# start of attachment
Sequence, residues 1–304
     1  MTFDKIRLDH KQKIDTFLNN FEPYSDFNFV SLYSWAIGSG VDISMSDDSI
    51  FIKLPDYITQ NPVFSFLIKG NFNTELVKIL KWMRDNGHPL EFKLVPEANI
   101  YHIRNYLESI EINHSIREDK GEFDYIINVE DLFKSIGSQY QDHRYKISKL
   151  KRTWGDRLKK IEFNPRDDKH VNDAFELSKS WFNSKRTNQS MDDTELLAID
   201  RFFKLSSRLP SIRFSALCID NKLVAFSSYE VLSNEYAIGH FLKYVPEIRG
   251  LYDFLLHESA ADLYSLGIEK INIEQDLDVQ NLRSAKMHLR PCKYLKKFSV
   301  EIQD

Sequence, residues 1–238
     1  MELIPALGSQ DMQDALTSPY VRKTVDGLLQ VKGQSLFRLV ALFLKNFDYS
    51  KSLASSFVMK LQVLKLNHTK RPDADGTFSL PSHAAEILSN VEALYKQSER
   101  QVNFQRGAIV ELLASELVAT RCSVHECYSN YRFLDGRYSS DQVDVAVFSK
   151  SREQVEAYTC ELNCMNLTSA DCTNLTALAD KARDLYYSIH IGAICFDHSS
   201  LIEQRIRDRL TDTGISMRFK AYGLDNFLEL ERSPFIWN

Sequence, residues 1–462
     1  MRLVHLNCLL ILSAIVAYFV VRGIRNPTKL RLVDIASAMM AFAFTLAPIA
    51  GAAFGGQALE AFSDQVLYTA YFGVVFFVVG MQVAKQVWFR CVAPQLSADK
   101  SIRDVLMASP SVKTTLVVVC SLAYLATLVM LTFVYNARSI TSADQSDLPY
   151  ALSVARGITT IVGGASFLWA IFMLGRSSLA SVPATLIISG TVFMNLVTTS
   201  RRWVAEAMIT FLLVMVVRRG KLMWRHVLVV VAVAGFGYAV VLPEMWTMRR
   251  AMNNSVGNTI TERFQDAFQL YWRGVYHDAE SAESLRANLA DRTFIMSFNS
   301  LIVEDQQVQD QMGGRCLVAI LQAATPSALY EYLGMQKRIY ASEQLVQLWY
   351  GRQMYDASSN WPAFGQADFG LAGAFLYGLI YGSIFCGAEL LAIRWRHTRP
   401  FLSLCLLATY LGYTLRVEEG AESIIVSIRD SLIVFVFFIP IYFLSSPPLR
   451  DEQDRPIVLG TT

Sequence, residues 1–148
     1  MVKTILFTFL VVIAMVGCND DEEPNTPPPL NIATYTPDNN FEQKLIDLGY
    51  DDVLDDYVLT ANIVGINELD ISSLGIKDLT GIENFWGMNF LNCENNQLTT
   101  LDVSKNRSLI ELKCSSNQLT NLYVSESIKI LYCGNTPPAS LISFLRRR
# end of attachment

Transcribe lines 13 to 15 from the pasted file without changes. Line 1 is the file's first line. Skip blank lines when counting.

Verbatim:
   151  SREQVEAYTC ELNCMNLTSA DCTNLTALAD KARDLYYSIH IGAICFDHSS
   201  LIEQRIRDRL TDTGISMRFK AYGLDNFLEL ERSPFIWN

Sequence, residues 1–462